Looking at the PlayStation 5 Versus the XBOX Series X

Microsoft and Sony both produce the greatest consoles for this generation, and they continue to improve. It seems like there is a new announcement every week that puts one console ahead of the other, whether it’s a new feature, a game, an exclusive package, or a quality-of-life improvement. The good news is that neither console will let you down. However, you should be aware of some important distinctions between the two new consoles if you’re trying to decide which one is ideal for you. It can be tough to tell the merits and limitations of each next-gen system merely by looking at them and their technical specs unless you’re well knowledgeable with gaming lingo. Even if you know exactly what you want, the variations are so slight that deciding might be difficult. The next generation is about power, speed, and astounding levels of visual quality that were previously unattainable.

The PS5 and Xbox Series X aren’t that dissimilar when it comes to internal specifications. Here is a comparison between PS5 and Xbox X. However, before beginning the review we must bring to notify that if you are online casino player then you must head straight towards the best bonus offer that is Vulkan Casino 50 free spins.


PlayStation 5
PlayStation 5 Console

The PlayStation 5 regular edition (with disc drive) costs $499.99, while the PlayStation 5 Digital Edition (without disc drive) costs $399.99. The stock of the PlayStation 5 has been exceedingly scarce, and Sony has warned that shortages may persist. We’re now in 2022, and there’s still no evidence of wider distribution.

The PS5 was released on 12th November in the United States, Japan, Canada, Mexico, Australia, New Zealand, and South Korea. On November 19, the rest of the globe, including the United Kingdom and Ireland.

The Xbox Series X and the more economical Xbox Series S were released on November 10, 2020, and cost $499. The stock of the Xbox Series X is also scarce now.

The Xbox Series X


Both Sony and Microsoft have a similar approach towards specifications. However, there are a few crucial variations to note.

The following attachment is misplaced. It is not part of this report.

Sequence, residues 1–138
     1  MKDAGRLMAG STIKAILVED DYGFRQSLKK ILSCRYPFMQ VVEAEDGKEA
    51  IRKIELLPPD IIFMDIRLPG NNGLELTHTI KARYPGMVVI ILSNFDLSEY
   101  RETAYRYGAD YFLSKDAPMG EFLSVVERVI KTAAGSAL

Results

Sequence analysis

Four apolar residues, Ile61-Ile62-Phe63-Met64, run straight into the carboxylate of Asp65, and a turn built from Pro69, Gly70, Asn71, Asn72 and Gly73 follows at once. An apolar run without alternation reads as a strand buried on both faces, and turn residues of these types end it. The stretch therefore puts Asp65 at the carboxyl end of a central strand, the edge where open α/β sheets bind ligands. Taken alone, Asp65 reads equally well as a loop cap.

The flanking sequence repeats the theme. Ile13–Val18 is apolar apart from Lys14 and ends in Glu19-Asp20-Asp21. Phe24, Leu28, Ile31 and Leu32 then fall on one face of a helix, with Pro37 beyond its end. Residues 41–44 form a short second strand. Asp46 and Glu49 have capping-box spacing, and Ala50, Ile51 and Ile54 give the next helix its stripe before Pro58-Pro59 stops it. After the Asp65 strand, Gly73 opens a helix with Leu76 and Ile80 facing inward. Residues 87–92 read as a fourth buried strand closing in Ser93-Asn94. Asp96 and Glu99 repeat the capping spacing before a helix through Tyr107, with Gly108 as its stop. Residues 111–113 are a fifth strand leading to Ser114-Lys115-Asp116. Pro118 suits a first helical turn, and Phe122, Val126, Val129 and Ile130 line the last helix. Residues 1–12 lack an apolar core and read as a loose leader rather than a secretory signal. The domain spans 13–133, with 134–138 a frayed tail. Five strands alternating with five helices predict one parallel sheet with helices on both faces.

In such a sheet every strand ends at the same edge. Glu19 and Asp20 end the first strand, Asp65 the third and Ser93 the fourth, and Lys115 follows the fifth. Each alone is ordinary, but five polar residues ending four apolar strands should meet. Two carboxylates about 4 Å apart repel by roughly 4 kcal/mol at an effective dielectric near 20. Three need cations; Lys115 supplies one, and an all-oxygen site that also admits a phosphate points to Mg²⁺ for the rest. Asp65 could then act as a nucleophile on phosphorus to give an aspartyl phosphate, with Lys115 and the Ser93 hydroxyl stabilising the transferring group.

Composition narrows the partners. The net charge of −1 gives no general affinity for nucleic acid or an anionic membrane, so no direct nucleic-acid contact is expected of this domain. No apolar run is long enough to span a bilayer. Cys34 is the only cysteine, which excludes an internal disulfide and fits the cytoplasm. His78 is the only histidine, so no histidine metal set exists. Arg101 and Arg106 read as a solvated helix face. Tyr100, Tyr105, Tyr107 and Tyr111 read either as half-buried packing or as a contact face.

On the PS5, AMD chips are used throughout the device. This contains an eight-core processor based on a modified Ryzen series. This processor is built on the 7nm Zen 2 microarchitecture. On paper, its CPU is marginally less powerful than that of the Xbox Series X. The PS5’s GPU is from AMD, based on the Radeon Navi line. It supports ray tracing, which is a resource-intensive operation. This information comes from a WIRED interview with Lead System Architect Mark Cerny, and we later learned that the GPU has a clock speed of 2.23GHz and runs at 10.28 TFLOPS, placing it in direct rivalry with the Xbox Series X GPU.

Xbox X uses custom AMD internals using the same Zen 2 and RDNA 2 architecture as the PS5, which makes it 2x more powerful than the Xbox One X, which is the last generation’s most technically impressive gaming hardware. The Xbox Series X GPU boasts 12 teraflops of computing performance, with 3328 shaders allocated to 52 compute units. It runs at a locked 1,825GHz and doesn’t fluctuate between speeds. It delivers the same clock speed regardless of the unit’s temperature or the game you’re playing. The processor is a customized AMD Zen 2 CPU with eight cores and 16 threads. Developers can choose to disable simultaneous multithreading (SMT) to reach a peak speed of 3.8GHz or hit a base speed of 3.6Ghz when enabled.